Shaped like beans, kidneys play a crucial role in the body including ridding it of toxins. While a kidney transplant is the best treatment for a child living with kidney failure, our dialysis unit plays a vital role in providing this treatment to children from various corners of the country awaiting transplants.
12 March is widely celebrated as World Kidney Day. This year’s theme on focused on preventing kidney disease and our dialysis unit was not one to be left out on the education drive.
Patients, together with nurses and doctors provided entertainment for staff accompanied by dietary tips to improve kidney health as well as screenings for staff.
Watch an interview by nephrologist in the Unit, Dr Tholang Khumalo, talking to the SABC’s Morning Live on this condition.
To learn more about the hospital click here
By Shadi Nyokong
The past four years of implementing the Child Survival Development and Thriving programme (CSDT) has given us evidence that social intervention and adequate responses are also a solution to health challenges and they do play critical role in improving child health outcomes. The excitement in 2020 started with documenting these initiatives to highlight lessons and experiences. This is not only meant to influence practice and policies but most importantly to save lives and ensure access and quality of health care services for pregnant mothers and their bundles of joy, the under 5 year olds.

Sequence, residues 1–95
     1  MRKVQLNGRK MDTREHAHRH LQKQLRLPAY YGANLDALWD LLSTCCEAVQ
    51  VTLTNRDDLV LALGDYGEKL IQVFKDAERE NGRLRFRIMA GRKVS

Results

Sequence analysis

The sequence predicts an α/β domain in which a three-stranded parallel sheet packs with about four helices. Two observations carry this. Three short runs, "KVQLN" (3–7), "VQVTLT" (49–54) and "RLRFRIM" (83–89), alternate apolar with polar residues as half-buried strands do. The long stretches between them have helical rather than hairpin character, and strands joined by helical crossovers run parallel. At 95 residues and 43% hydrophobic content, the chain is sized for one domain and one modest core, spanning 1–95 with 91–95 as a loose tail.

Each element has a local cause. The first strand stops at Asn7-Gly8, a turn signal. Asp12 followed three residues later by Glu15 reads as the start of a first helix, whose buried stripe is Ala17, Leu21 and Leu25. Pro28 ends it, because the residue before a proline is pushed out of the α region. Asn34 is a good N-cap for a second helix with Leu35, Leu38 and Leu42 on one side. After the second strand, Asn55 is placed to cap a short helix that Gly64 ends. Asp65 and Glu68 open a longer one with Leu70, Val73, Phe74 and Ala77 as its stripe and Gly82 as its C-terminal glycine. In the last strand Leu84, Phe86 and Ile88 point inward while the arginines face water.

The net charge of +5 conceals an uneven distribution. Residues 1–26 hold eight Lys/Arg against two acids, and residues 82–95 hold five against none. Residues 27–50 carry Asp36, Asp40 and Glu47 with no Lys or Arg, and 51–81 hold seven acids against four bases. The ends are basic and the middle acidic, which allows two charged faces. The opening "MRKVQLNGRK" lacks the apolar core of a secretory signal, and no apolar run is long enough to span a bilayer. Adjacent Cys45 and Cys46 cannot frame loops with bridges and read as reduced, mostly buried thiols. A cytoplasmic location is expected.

One interesting initiative is the breastfeeding buddies model in Mpumalanga. A highlight from this model is an increase in more babies being breastfed, with almost 95% of the babies being exclusively breastfed for the first six (6) months. Since the programme started, 706 breast feeding women were reached, with 665 having exclusively breastfed their babies, and only 41 who mixed fed their babies i.e. feeding them both breast milk and formula. From this initiative, a case study on a solution to increase breastfeeding numbers will is being documented.
Two other models that are also being documented is the role of early childhood development (ECD) in child health care, especially stimulation services for children under the age of two. The second intervention is called baby competition in Kayelitsha. The focus is the importance of health education in improving health awareness and compliance to child health care. Both interventions are implemented in Cape Town.
Our understanding of the fact that children matter, also our partnering with local organisations, help us as a Fund to continue to be one of the critical role players in the strengthening of health care systems to better care of our children. This has also given us confidence with digitalising of our monitoring and evaluation framework.